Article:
warmer colour and a higher number means a colder colour.
It's only once you have taken a photograph and found that the colours are wrong that
you need to bother about colour balance. If the picture looks too red/yellow (too
warm) that means your camera's setting is too high. Use a lower colour temperature
and try again. Similarly, if the image looks too blue (cold) change to a higher number.
It is not unusual to be working in a situation with mixed lighting. For example,
indoor lights with some light coming in through a window.
In this case, the actual setting you need will probably be somewhere between that
of sunny and tungsten. Try starting around the 4000K mark and use the above rules,
go up if it's too cold, down if it's too warm in tone. After a few goes, you should
be there. But wouldn't it be great if your camera could take a reading of the colour
temperature and just give you the correct setting without all this trial and error.
It would, and if your camera has a manual colour balance option, it can. This is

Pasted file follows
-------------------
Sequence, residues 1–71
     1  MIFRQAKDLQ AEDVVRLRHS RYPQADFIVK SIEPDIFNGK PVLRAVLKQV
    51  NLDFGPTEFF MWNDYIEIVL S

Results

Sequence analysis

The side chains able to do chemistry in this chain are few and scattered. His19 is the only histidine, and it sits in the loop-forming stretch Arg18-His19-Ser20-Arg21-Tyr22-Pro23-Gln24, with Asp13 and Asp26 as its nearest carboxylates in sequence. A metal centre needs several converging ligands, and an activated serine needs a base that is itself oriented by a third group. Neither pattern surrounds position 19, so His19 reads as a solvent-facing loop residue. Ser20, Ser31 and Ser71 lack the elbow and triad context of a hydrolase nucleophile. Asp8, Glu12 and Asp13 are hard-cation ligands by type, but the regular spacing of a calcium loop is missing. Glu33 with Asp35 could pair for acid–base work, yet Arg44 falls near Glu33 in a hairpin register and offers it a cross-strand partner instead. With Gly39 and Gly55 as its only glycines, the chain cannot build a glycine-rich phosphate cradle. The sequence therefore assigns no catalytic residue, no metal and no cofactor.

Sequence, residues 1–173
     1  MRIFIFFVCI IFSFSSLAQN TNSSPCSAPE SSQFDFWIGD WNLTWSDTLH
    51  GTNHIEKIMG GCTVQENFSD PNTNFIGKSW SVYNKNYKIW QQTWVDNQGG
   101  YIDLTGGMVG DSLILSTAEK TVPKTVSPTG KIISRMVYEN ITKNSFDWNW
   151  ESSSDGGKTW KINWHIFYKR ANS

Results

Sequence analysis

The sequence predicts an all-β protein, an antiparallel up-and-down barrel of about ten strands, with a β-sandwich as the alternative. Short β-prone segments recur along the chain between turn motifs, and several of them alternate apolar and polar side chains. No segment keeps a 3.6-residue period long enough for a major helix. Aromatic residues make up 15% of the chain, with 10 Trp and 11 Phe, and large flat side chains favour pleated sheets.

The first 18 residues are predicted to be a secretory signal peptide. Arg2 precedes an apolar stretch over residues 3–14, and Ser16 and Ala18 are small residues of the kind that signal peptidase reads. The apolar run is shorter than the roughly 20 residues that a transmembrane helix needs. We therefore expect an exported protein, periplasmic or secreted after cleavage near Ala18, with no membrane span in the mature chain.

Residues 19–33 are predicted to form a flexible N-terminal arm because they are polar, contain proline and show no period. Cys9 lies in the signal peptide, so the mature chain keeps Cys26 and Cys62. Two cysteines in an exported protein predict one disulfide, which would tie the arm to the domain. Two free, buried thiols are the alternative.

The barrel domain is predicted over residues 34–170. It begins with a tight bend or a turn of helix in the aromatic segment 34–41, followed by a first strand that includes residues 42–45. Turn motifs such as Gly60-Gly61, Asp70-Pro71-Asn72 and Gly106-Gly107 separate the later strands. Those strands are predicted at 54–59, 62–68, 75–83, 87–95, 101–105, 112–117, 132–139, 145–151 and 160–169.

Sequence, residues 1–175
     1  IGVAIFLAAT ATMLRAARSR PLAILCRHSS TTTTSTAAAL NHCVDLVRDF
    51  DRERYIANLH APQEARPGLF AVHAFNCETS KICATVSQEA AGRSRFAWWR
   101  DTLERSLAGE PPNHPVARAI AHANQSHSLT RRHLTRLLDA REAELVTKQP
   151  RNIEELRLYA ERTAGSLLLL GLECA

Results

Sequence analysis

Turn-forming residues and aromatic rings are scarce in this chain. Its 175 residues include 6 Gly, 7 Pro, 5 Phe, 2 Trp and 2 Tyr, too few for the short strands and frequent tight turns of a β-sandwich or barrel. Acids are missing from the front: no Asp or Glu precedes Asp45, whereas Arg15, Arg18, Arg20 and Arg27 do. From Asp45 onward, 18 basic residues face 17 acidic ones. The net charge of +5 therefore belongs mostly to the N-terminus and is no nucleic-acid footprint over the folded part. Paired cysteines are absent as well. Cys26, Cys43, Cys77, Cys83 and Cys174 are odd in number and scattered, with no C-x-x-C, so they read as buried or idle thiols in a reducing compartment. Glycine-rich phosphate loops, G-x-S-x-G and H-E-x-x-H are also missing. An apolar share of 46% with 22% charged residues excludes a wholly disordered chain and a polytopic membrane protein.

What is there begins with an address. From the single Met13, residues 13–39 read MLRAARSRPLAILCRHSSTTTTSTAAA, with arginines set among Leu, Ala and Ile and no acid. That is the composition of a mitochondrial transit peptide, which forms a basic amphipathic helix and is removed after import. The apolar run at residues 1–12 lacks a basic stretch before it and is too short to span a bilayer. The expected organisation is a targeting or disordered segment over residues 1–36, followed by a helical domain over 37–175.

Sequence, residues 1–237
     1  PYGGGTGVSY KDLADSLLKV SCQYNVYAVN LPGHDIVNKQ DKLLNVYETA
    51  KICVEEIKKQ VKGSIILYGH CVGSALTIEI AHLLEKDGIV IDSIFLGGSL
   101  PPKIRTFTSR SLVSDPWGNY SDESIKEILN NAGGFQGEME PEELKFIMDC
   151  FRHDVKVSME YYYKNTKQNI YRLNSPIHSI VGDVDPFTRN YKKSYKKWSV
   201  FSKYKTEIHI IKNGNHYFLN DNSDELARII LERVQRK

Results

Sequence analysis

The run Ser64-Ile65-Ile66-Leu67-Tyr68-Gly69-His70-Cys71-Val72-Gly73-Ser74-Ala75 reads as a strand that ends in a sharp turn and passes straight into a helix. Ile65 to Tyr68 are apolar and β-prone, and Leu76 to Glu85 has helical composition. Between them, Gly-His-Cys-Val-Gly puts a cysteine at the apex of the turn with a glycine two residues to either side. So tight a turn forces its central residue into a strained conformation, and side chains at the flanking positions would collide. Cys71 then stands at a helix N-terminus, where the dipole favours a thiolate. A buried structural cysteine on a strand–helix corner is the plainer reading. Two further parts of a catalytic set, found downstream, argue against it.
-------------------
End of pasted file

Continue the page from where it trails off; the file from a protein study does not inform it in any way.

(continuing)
actually what white balance means. The camera reads the colour temperature and balances
the camera for it. The reason why the auto setting sometimes fails is because the
camera can sometimes be fooled by the actual colours in the scene. If there is something
red filling most of the frame then overall the image will look red. The camera might
think that this is because the light source is red and adjust accordingly, making
all the colours wrong.
So, what we really need for a colour temperature reading is a reference point, which
you have to supply yourself. Most commonly, this is a white piece of paper, hence
the name white balance. You can also use grey, but it must be absolutely neutral.
Grey cards, made for this purpose are available from photographic outlets.
You place the paper in your scene, so it gets lit the same way, fill the frame with
it and take a reading. There will be a description of exactly how to do this on your
camera in its manual. In some cameras, you simply press a button to store the colour
balance reading, with others, you take a picture of the paper and use that image
as a white balance reference.
Because the colour temperature of the real world is hardly ever exactly at any of
your preset values, taking a white balance reading is the only way to guarantee a
completely neutral colour balance so all the colours in your photograph will look